6. Kurcevič E, Lines R. New psychoactive substances in Eurasia: a qualitative study of people who use drugs and harm reduction services in six countries. Harm Reduct J 2020;17(1):94 [] [CrossRef] [Medline]
  7. Shafi A, Berry AJ, Sumnall H, Wood DM, Tracy DK. New psychoactive substances: a review and updates. Ther Adv Psychopharmacol 2020;10:2045125320967197 [ 0pubmed] [CrossRef] [Medline]
  8. Kariisa M, Scholl L, Wilson N, Seth P, Hoots B. Drug overdose deaths involving cocaine and psychostimulants with abuse potential—United States, 2003-2017. MMWR Morb Mortal Wkly Rep 2019;68(17):388-395 [] [CrossRef] [Medline]
  9. Gladden RM, O'Donnell J, Mattson CL, Seth P. Changes in opioid-involved overdose deaths by opioid type and presence of benzodiazepines, cocaine, and methamphetamine—25 states, July-December 2017 to January-June 2018. MMWR Morb Mortal Wkly Rep 2019;68(34):737-744 [] [CrossRef] [Medline]
  10. 2020 National Drug Threat Assessment (NDTA). U.S. Department of Justice, Drug Enforcement Administration. 2020. URL: https:/​/www.​​sites/​default/​files/​2021-02/​DIR-008-21%202020%20National%20Drug%20Threat%20Assessment_WEB.​pdf [accessed 2023-08-22]
  11. Paul MJ, Gonzalez G, Scotch M, Smith K, Brownstein J, Sarker A, et al. Social media mining for public health monitoring and surveillance. 2016 Presented at: Pacific Symposium on Biocomputing (PSB); January 4-8, 2016; The Big Island of Hawaii URL: [CrossRef]
  12. Kazemi DM, Borsari B, Levine MJ, Dooley B. Systematic review of surveillance by social media platforms for illicit drug use. J Public Health (Oxf) 2017;39(4):763-776 [] [CrossRef] [Medline]
  13. Sarker A, O'Connor K, Ginn R, Scotch M, Smith K, Malone D, et al. Social media mining for toxicovigilance: automatic monitoring of prescription medication abuse from Twitter. Drug Saf 2016;39(3):231-240 [] [CrossRef] [Medline]
  14. Zhou Z, Hultgren KE. Complementing the US food and drug administration adverse event reporting system with adverse drug reaction reporting from social media: comparative analysis. JMIR Public Health Surveill 2020;6(3):e19266 [] [CrossRef] [Medline]
  15. Cavazos-Rehg P, Grucza R, Krauss MJ, Smarsh A, Anako N, Kasson E, et al. Utilizing social media to explore overdose and HIV/HCV risk behaviors among current opioid misusers. Drug Alcohol Depend 2019;205:107690 [] [CrossRef] [Medline]
  16. Lampos V, De Tijl T, Cristianini N. Flu detector - tracking epidemics on Twitter. 2010 Presented at: Joint European Conference on Machine Learning and Knowledge Discovery in Databases; 2010; Springer, Berlin, Heidelberg URL: [CrossRef]
  17. Visweswaran S, Colditz JB, O'Halloran P, Han NR, Taneja SB, Welling J, et al. Machine learning classifiers for Twitter surveillance of vaping: comparative machine learning study. J Med Internet Res 2020;22(8):e17478 [] [CrossRef] [Medline]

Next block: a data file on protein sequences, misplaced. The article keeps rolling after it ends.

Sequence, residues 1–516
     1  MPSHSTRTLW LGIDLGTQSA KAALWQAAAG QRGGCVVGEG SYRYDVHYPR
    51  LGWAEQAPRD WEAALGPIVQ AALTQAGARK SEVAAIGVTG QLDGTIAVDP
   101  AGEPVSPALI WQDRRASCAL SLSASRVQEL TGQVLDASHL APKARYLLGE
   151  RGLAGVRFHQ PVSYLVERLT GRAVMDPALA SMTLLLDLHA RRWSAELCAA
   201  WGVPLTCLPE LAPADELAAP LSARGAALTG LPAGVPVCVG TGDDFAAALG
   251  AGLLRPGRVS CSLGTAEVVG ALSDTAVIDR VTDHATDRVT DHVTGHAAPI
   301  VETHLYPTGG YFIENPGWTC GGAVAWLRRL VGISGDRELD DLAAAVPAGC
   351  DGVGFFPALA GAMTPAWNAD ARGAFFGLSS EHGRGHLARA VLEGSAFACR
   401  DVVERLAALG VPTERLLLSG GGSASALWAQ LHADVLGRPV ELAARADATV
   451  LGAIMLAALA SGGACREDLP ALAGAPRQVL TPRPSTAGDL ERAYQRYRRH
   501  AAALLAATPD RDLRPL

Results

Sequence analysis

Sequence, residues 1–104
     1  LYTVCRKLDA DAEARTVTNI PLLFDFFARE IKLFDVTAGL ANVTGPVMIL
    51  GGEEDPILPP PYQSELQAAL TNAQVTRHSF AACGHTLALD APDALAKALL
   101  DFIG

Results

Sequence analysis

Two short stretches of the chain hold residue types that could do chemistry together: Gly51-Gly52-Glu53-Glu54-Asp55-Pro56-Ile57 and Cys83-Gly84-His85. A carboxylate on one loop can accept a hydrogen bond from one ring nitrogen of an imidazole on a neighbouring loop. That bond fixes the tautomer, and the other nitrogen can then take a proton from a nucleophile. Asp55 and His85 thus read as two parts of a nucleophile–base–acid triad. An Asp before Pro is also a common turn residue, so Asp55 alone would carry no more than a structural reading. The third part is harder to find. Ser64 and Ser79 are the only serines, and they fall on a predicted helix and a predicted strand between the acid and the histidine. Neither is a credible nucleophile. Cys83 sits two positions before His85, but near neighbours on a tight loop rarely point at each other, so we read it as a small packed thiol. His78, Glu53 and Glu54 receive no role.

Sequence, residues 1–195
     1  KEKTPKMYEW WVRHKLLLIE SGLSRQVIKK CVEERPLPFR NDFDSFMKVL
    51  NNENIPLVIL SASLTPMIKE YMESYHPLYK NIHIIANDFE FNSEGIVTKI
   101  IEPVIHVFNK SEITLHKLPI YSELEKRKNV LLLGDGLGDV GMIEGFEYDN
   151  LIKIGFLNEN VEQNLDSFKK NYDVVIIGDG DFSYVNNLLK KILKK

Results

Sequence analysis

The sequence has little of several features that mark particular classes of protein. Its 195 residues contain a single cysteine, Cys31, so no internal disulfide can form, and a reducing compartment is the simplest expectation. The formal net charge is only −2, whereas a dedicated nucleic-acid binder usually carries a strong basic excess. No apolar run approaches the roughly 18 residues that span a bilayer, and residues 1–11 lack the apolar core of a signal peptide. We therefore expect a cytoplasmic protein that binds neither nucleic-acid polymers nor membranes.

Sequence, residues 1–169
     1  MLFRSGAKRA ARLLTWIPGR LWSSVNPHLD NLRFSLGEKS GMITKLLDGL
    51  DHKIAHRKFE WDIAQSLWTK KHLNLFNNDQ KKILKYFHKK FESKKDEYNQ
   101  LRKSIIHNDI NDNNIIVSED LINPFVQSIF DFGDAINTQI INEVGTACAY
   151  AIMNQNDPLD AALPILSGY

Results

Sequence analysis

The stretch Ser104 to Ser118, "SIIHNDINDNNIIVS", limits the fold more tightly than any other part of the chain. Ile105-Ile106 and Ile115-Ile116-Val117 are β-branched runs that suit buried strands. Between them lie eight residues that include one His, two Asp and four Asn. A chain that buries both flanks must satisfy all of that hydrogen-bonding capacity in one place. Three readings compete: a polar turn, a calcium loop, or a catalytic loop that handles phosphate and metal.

18. Mackey TK, Kalyanam J, Katsuki T, Lanckriet G. Twitter-based detection of illegal online sale of prescription opioid. Am J Public Health 2017;107(12):1910-1915 [] [CrossRef] [Medline]
  19. Hawcutt DB, O'Connor O, Turner MA. Adverse drug reactions in neonates: could we be documenting more? Expert Rev Clin Pharmacol 2014;7(6):807-820 [] [CrossRef] [Medline]
  20. Rustagi S, Dhaval P. DiNer-on building multilingual disease-news profiler. In: Tjoa AM, Hameurlain A, editors. Transactions on Large-Scale Data-and Knowledge-Centered Systems XLIII. Berlin, Germany: Springer; 2020:114-137
  21. Fisher A. CCSA project. GitHub. 2022. URL: [accessed 2023-08-22]
  22. Alexis C, Khandelwal K, Goyal N, Chaudhary V, Wenzek G, Guzmán F, et al. Unsupervised cross-lingual representation learning at scale. ArXiv Preprint posted online on April 8 2020. [] [CrossRef]
  23. Wenzek G, Lachaux MA, Conneau V, Chaudhary V, Guzmán F, Joulin A, et al. CCNet: extracting high quality monolingual datasets from web crawl data. ArXiv Preprint posted online on November 15 2019. []
  24. Young MM, Dubeau C, Corazza O. Detecting a signal in the noise: monitoring the global spread of novel psychoactive substances using media and other open-source information. Hum Psychopharmacol 2015;30(4):319-326 [] [CrossRef] [Medline]
  25. Zhang ML, Li YK, Liu XY, Geng X. Binary relevance for multi-label learning: an overview. Front Comput Sci 2018;12:191-202 [] [CrossRef]
  26. Justus D, Brennan J, Bonner S, McGough AS. Predicting the computational cost of deep learning models. 2018 Presented at: 2018 IEEE International Conference on Big Data (Big Data); 10-13 December 2018; Seattle, WA, USA URL: [CrossRef]
  27. Rau G, Shih YS. Evaluation of Cohen's kappa and other measures of inter-rater agreement for genre analysis and other nominal data. J Engl Acad Purp 2021;53:101026 [] [CrossRef]
  28. McHugh ML. Interrater reliability: the kappa statistic. Biochem Med (Zagreb) 2012;22(3):276-282 [] [Medline]
  29. A Guide to Establishing Event-based Surveillance. Manila: World Health Organization; 2008.
  30. Zhang L, Wang P, Liu L, Shen C, Wei W, Zhang Y, et al. Towards effective deep embedding for zero-shot learning. IEEE Trans Circuits Syst Video Technol 2020;30(9):2843-2852 [] [CrossRef]
  31. Zeng G. On the confusion matrix in credit scoring and its analytical properties. Commun Stat - Theory Methods 2020;49(9):2080-2093 [CrossRef]

AI: artificial intelligence
API: application programming interface
EWS: early warning system
NPS: new psychoactive substance
UNODC: United Nations Office on Drugs and Crime

Edited by G Eysenbach; submitted 18.10.22; peer-reviewed by D Patel, R Boumans, X Chang, MS Ahmed, F Alam; comments to author 03.03.23; revised version received 21.04.23; accepted 18.08.23; published 19.09.23


©Andrew Fisher, Matthew Maclaren Young, Doris Payer, Karen Pacheco, Chad Dubeau, Vijay Mago. Originally published in the Journal of Medical Internet Research (, 19.09.2023.

This is an open-access article distributed under the terms of the Creative Commons Attribution License (, which permits unrestricted use, distribution, and reproduction in any medium, provided the original work, first published in the Journal of Medical Internet Research, is properly cited. The complete bibliographic information, a link to the original publication on, as well as this copyright and license information must be included.